Diabetes information | type 1 University

Illness Prevention & Sick-Day Care

Picture of Instructor:

Instructor:

Alicia Downs, RN, MSN, CDCES

Now more than ever, people with diabetes need effective strategies for preventing common illnesses as well managing in the event an illness occurs.  Glucose control can be challenging during an illness or infection, but it plays a major role in the body’s ability to recover.  Whether you have diabetes or care for someone who does, the material covered in this course can make or break your well-being. 

Specific topics include:

  • Risk factors for infection and illness
  • Preventive strategies for common illnesses
  • Dealing with insulin resistance during illness
  • Effects of over-the-counter and prescription meds
  • Prevention of dehydration and ketoacidosis
  • Strategies for handling nausea/vomiting
  • Situations that require healthcare intervention

Not sure you need this course?

Take the 5-question “placement exam” and find out!
no pressure!

Placement Exam: Illness Prevention & Sick-Day Care

1. In order to determine the severity of your illness and whether you’re getting enough insulin, it is necessary to check:

  1. Blood pressure
  2. Heart rate
  3. Blood sugar
  4. Ketones 

2. During a bout of the flu, despite increasing your insulin, you still have high ketones and have vomited repeatedly. You should: 

  1. Stop consuming fluids
  2. Give correction doses of insulin if your blood sugar is elevated
  3. Call your physician and proceed to an acute care facility if instructed to do so
  4. Try to get some sleep and see how things look in a few hours

3. You have a head cold and your blood sugars have been over 250 mg/dl (14 mmol/l) despite correction boluses. You check for ketones and get a negative result (no ketones). A reasonable adjustment would be to:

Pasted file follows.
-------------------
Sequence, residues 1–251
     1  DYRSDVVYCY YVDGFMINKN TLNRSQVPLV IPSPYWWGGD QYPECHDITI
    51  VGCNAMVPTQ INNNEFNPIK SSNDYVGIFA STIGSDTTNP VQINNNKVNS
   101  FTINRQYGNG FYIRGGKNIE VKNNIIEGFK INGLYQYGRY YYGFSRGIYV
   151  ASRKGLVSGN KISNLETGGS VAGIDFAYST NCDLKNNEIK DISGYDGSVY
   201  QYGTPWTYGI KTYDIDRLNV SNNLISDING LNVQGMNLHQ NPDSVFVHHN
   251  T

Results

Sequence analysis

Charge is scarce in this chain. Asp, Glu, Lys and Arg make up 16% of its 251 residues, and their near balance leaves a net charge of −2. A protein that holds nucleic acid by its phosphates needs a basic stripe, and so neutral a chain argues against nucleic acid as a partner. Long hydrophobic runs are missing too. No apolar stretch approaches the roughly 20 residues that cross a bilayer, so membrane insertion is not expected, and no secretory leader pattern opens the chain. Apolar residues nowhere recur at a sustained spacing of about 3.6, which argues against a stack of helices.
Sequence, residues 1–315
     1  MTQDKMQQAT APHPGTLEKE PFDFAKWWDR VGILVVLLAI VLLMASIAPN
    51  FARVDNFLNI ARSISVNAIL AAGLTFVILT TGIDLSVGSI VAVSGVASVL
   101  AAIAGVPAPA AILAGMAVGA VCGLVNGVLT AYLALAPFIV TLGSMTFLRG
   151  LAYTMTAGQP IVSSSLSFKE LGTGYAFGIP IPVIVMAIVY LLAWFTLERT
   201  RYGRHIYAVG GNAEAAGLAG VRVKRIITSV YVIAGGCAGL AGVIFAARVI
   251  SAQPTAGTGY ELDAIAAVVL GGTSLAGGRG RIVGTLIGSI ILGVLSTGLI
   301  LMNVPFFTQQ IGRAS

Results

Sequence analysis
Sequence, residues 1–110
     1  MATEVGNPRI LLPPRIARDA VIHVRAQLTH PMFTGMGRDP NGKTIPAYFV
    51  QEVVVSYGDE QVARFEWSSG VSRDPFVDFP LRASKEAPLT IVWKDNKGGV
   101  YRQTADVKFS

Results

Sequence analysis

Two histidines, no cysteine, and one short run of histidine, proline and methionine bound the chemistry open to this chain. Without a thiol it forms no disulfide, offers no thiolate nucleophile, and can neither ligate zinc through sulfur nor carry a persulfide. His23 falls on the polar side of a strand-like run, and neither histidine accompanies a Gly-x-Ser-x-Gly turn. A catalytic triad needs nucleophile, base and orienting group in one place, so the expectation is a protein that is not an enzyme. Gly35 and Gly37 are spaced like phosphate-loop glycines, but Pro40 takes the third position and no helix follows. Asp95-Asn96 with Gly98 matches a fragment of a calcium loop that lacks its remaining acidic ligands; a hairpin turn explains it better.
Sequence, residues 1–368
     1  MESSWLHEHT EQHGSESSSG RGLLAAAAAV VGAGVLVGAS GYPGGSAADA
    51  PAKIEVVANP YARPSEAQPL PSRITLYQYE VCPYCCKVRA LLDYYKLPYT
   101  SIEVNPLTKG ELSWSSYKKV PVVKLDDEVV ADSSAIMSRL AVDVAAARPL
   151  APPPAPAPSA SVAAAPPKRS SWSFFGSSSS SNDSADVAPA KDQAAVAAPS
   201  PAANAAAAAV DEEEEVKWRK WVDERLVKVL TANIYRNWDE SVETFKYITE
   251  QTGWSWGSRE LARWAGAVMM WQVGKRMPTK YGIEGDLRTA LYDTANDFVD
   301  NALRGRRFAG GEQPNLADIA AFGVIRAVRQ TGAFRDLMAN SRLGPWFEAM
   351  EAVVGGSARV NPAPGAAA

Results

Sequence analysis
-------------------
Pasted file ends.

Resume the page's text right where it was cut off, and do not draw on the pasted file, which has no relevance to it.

1. Do nothing, this is normal with a cold
  2. Stop consuming carbohydrates until the blood sugar comes down
  3. Increase your basal insulin dose by 50%
  4. Double the amount of your correction boluses

4. Which of the following is not a proven method for preventing common illnesses: 

  1. Tight glucose control
  2. Taking supplemental doses of vitamin C 
  3. Frequent hand washing
  4. Using a humidifier during dry weather 
  5. Spending more time in fresh/outdoor air 

5. You just vomited after dinner and your blood sugar drops to 61 mg/dl (3.4 mmol/l) with bolus insulin still on board. You feel too sick to eat or drink anything. A reasonable solution would be to:

  1. Drive yourself to the hospital
  2. Do nothing, you’re sick so your blood sugar will start to rise on its own
  3. Try to eat something that is mostly protein
  4. Take an appropriate dose of glucagon

Answers: D, C, C, B, D

  • Answered 4 or 5 correctly?  Nice job, Professor!  Looks like you know your stuff.  Maybe you could teach a course on this subject! But there are always new things to learn.
  • Answered 3 or fewer correctly?  You may have a thing or two to learn.  You would certainly benefit from taking this class. 
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    Register today!